On April 15, 2013, two bombs went off at the finish line of the Boston Marathon, transforming the city, its residents, and the runners and visitors participating in this world-famous event. Almost immediately, a makeshift memorial began to take shape, first at the police barricade at the intersection of Boylston and Berkeley Streets and later at Copley Square. People from across the globe left flowers, posters, notes, t-shirts, hats, tokens of all shapes and sizes, and—most significantly—running shoes. In June, the memorial was dismantled and these thousands of objects were transferred to the Boston City Archives for safekeeping. It is only now, after months of preservation and organization, that the collection’s meaning has become clear. Each of these objects, whether giant banner or tiny scrap of paper, store-bought or handmade, is a message of love, support, and hope for a city in mourning.
For the one-year anniversary of the bombing, selections from the memorial collection will be displayed in the exhibition Dear Boston: Messages from the Marathon Memorial at the Boston Public Library. This exhibition will provide an opportunity for visitors to once again experience the outpouring of love that everyday people brought to Copley Square in the first weeks after the bombing. It will help visitors make meaning from this tragedy while providing a quiet public space for reflection. As they encounter the profound emotions the messages from the memorial evoke, visitors will be encouraged to ask themselves what they can do to sustain and build upon these expressions of communal support, and to move forward together to heal a grieving city.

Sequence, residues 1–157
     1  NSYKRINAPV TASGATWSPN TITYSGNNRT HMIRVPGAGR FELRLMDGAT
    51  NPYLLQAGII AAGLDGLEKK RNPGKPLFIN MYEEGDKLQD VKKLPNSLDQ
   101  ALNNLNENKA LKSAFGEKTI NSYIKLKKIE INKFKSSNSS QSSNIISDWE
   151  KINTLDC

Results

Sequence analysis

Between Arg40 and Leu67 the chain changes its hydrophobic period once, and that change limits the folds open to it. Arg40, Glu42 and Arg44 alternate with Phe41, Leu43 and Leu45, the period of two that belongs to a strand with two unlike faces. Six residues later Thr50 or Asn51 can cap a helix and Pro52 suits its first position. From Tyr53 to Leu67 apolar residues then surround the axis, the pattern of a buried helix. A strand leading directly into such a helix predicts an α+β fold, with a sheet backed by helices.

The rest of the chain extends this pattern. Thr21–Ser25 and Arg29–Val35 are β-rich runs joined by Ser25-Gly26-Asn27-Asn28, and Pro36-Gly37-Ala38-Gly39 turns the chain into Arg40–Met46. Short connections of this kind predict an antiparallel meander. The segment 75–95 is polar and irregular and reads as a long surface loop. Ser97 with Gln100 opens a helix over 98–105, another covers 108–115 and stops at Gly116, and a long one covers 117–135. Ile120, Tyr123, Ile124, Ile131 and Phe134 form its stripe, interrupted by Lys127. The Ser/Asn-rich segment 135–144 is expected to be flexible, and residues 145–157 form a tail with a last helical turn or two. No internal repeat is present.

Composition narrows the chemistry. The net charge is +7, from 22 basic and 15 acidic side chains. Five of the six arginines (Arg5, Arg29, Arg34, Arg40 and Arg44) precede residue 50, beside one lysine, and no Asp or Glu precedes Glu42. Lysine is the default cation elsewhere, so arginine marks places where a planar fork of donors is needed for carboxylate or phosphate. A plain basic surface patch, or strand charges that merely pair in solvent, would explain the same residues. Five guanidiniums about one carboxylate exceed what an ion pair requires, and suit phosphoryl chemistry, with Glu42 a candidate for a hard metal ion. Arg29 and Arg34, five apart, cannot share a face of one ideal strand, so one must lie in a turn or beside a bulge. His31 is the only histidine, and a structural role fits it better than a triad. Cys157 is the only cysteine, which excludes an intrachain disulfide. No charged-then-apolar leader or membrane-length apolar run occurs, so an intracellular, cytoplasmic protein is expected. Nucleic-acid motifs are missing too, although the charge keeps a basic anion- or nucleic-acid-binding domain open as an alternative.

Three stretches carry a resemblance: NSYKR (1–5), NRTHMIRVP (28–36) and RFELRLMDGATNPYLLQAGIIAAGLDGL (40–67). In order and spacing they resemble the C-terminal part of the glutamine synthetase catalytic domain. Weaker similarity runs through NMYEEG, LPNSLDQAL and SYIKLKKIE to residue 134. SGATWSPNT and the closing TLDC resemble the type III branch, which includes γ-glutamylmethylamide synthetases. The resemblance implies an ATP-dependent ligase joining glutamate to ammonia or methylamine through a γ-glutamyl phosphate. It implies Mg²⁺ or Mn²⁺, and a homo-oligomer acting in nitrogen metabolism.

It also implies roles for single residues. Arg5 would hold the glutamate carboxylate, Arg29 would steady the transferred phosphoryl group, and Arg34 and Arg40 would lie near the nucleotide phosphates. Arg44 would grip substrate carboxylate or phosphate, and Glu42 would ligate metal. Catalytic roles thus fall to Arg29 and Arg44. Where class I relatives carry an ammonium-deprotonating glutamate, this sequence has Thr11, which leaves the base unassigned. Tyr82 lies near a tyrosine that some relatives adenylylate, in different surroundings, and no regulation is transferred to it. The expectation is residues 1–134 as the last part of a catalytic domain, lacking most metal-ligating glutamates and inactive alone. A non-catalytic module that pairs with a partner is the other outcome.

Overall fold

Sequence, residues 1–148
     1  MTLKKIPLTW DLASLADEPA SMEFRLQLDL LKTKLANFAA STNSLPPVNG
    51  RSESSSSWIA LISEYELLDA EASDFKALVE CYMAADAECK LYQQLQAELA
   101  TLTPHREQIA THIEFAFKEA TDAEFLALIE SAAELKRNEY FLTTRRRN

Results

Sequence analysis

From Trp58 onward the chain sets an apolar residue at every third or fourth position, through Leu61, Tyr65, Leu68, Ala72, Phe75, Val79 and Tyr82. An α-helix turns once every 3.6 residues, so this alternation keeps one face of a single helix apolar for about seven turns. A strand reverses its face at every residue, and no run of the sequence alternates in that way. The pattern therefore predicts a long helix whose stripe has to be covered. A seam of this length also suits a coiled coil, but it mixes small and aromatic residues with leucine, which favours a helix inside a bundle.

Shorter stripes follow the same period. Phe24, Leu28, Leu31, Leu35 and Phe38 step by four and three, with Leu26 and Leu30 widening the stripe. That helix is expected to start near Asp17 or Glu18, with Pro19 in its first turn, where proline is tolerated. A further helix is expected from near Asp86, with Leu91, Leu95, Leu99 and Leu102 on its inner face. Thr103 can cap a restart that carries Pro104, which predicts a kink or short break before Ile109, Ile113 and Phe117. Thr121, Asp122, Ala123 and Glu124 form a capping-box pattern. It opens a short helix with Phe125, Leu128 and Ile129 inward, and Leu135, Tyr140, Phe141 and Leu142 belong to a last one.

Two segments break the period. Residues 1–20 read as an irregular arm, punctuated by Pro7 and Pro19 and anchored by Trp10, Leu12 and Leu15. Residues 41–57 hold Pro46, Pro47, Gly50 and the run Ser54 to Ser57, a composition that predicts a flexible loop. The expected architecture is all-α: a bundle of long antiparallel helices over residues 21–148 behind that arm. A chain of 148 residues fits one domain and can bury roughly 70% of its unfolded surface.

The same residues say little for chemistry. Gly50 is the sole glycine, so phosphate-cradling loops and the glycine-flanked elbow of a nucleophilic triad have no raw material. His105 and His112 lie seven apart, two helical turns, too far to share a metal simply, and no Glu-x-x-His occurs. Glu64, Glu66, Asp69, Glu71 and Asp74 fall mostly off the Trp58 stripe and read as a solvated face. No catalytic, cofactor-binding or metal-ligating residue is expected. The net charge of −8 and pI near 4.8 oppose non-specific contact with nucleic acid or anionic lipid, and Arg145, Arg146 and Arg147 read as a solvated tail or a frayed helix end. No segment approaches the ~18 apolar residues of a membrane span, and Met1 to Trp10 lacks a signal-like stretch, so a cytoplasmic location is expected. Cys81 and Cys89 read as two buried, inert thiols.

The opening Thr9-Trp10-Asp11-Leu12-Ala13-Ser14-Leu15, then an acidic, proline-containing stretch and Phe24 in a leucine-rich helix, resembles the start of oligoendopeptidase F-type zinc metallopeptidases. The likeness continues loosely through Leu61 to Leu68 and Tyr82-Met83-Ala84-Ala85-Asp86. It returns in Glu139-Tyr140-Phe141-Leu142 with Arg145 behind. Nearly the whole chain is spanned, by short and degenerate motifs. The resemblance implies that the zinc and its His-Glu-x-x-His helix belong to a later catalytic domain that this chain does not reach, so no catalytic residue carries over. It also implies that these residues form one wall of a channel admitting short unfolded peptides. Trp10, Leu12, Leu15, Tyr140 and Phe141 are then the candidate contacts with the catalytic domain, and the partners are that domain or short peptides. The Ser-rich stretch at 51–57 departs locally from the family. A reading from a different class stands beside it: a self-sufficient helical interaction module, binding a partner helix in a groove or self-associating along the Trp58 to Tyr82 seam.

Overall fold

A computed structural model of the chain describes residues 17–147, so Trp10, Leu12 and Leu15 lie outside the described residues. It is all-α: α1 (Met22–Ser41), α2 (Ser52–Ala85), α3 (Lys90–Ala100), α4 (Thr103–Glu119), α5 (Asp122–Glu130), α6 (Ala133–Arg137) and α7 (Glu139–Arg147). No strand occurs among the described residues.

Dear Boston: Messages from the Marathon Memorial is being organized by a partnership that includes the Boston City Archives, Boston Art Commission, New England Museum Association, and Boston Public Library. It is made possible by the generous support of Iron Mountain. The exhibition will be on view from April 7 through May 11, 2014, at the Central Library in Copley Square, located at the finish line of the Boston Marathon and steps away from the original memorial.